Shops, restaurants, multi-use buildings, higher density housing developments, pedestrian walkways, bike paths, all within walking distance to a commuter train.
This could be the future of the Branchville section of Ridgefield if local residents and business owners have it their way.
A focus group of the Route 7 Study underway regionally proposed ideas on what the area could look like at a meeting on Thursday night, appropriately held at Branchville Elementary School.
Branchville is one of two sections of Ridgefield's Route 7 that were scrutinized lately; the group met last week to review the area at the intersection of Route 35 and Route 7. Continuing participants include members of regional planning groups—the Housatonic Valley Council of Elected Officials and South Western Regional Planning Agency—as well as a Hartford-based consulting firm.
Nineteen community members, including town officials and business owners, split into three groups Thursday night for the second time in two weeks to mark up maps and create their vision of the future of the area.
Rebecca Mucchetti, chairman of Ridgefield's Planning and Zoning Commission, was in attendance, as well as Joe Ancona, owner of Ancona's Market.
Leading the session was consulting firm Fitzgerald and Halliday's Susan VanBenschoten, project manager for the Route 7 Study, along with HVCEO and SWRPA members and staff from the state Department of Transportation.
Armed with voting keypads, attendees voted on the level of importance of possible aspects of the area, including better integration of the train station, better pedestrian access and traffic control. The most overwhelmingly positive responses were regarding the train station and pedestrian access, and 14 out of the 19 participants agreed that more development in the area is a good thing.
Empowered with the reign of a "king or queen," each group was to imagine they could "wave a scepter and make it happen" and asked to consider what they would envision for the future of the area.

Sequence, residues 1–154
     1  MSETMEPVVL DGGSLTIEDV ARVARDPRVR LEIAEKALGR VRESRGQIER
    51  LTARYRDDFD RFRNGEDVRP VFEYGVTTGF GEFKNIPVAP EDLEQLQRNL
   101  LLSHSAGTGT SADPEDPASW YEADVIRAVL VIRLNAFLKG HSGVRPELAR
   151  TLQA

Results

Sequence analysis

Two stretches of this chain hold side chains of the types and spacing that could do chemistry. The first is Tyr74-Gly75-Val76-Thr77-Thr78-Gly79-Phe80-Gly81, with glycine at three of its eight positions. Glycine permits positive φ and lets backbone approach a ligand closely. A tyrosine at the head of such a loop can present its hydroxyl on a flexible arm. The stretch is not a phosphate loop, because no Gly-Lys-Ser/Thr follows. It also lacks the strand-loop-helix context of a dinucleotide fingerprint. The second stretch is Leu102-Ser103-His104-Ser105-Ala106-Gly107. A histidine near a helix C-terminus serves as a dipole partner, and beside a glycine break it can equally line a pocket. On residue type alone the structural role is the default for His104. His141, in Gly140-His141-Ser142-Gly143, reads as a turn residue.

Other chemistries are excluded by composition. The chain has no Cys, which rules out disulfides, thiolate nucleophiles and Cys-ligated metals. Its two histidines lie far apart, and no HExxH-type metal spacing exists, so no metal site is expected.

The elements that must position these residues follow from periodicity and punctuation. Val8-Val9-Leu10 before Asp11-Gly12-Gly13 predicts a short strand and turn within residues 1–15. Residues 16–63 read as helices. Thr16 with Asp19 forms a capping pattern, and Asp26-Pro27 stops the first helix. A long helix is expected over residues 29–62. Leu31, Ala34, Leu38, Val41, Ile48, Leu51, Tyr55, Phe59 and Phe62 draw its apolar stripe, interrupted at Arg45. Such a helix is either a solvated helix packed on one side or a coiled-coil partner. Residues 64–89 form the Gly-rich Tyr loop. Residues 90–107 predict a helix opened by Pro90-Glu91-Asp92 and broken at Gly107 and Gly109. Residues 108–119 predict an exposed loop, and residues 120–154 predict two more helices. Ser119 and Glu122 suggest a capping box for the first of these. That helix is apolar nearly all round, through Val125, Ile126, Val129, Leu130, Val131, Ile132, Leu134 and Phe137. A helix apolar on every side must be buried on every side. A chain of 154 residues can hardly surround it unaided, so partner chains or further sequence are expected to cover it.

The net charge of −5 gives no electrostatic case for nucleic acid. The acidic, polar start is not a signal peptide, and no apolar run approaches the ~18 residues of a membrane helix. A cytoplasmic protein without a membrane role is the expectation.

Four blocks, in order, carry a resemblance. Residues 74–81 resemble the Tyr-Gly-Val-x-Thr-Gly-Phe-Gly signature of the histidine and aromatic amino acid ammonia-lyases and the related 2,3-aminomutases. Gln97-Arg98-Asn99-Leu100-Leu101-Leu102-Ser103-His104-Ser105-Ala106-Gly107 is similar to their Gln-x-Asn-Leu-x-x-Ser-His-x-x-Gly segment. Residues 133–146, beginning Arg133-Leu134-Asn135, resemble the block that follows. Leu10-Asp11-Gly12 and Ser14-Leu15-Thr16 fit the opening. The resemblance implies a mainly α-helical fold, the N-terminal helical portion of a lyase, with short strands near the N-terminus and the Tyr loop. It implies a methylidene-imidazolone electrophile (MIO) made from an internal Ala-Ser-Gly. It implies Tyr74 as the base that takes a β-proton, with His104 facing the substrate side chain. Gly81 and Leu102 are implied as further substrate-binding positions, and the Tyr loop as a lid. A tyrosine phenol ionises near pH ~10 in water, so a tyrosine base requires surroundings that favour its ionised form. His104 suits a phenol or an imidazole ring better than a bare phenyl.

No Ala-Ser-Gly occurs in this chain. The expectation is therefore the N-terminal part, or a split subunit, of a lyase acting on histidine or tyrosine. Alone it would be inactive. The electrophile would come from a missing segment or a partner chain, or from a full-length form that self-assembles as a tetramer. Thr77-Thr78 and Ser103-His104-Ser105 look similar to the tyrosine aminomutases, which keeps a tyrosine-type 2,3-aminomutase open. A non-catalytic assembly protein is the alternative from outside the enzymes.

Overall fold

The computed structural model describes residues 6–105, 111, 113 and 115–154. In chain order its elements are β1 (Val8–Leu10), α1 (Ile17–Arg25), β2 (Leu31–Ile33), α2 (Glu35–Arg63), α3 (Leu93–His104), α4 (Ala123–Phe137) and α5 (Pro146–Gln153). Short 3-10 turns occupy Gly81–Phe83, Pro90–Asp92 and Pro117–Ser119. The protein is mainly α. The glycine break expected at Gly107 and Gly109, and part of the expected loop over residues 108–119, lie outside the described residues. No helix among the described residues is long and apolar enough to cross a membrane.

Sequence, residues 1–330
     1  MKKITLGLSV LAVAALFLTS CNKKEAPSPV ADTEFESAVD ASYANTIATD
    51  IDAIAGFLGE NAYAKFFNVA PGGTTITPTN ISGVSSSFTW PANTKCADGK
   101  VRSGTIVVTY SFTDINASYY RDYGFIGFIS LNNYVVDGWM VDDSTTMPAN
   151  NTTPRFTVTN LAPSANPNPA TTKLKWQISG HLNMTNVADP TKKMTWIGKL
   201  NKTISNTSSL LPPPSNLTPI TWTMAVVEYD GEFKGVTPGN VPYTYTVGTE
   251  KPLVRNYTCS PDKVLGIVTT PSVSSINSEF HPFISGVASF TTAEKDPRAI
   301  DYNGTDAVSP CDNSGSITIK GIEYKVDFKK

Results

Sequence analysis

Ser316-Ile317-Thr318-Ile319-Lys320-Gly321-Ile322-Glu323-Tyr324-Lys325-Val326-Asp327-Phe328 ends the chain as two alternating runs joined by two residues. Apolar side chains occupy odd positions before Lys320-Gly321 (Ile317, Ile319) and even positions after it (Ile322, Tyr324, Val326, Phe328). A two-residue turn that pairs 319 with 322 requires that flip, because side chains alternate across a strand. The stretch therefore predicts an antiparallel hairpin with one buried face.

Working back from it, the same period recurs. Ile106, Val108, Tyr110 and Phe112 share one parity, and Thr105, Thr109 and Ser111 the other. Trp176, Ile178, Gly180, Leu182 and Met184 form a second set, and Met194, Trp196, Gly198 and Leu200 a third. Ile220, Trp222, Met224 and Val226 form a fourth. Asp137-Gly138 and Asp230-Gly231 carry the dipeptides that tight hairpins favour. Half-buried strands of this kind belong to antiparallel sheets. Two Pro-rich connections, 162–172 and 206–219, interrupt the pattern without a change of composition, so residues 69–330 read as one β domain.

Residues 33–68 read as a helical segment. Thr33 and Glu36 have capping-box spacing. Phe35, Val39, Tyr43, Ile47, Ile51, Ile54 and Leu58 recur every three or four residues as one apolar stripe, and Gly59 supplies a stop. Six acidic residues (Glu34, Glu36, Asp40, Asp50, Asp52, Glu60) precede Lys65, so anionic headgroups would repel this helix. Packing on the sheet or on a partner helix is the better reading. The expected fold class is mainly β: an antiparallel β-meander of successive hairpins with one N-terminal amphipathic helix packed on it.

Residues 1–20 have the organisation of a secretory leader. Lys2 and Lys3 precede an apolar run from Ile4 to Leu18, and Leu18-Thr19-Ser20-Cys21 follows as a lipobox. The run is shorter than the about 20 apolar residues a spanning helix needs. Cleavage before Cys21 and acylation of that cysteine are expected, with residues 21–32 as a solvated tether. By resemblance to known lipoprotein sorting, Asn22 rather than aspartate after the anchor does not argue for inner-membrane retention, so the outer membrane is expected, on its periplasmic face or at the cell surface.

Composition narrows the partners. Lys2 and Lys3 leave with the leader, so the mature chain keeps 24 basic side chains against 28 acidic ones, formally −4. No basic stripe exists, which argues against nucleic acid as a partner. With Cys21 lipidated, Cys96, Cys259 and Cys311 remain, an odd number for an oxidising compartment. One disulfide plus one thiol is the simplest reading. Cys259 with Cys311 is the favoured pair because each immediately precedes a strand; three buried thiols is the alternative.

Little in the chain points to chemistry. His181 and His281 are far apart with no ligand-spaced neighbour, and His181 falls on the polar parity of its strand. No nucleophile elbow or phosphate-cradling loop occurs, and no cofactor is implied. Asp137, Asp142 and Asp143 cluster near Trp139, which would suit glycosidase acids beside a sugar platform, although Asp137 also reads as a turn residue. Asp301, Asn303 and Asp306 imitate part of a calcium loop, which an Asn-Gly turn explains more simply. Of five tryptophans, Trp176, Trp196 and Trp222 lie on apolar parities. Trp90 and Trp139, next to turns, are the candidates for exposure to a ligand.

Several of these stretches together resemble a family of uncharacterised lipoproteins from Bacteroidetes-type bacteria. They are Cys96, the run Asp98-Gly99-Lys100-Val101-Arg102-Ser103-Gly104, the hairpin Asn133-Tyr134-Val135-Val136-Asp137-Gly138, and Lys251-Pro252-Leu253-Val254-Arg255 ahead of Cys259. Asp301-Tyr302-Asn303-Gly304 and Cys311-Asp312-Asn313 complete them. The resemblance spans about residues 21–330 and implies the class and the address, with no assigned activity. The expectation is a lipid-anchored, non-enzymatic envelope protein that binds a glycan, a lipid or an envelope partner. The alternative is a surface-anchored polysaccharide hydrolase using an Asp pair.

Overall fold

With thoughts of creating a a self-sustaining community within a quarter mile of the Branchville train station, the three groups studied topographical maps of the Branchville area. Each group used different colored markers to mark up the map, adding streets, removing buildings and redesigning the district in line with their visions.
Though the groups differed in some of their ideas, they all agreed that pedestrian crossings over Route 7, bypass roads, more shops, more parking at the Branchville train station in the form of a parking deck and a walk/bike path would all be good ideas.
Dissention came from one group that did not think Branchville was the right area to increase building density. They said that due to the close proximity of Georgetown, only one mile south of Branchville, and the potential for another train station there, the two areas could end up in competition with each other.
Other groups disagreed, stating that Branchville and Georgetown would be two completely separate village districts. They believed the Branchville section should have its own service and convenience businesses such as a drug store, regardless of what Georgetown's amenities are.
After each group shared its visions, VonBenschoten projected images of different styles of downtown villages in different areas, and she asked participants to vote again, this time on how close the picture was to their image of the Branchville area.
The visuals that overwhelmingly received the highest ratings were those that depicted sidewalk cafes with wide walkways and pedestrian areas. The lowest ratings went to images that showed residential areas and to a picture of the current look of Branchville, which spoke volumes to VanBenschoten.
"That means people want to see change," she said.
The team will take the ideas pulled from the two focus groups and report their findings at the next workshop on Thursday, June 17, at Veterans Park Elementary School from 4:30-8 p.m. The format will be an open house, where people can come at any time during those hours to browse the various options.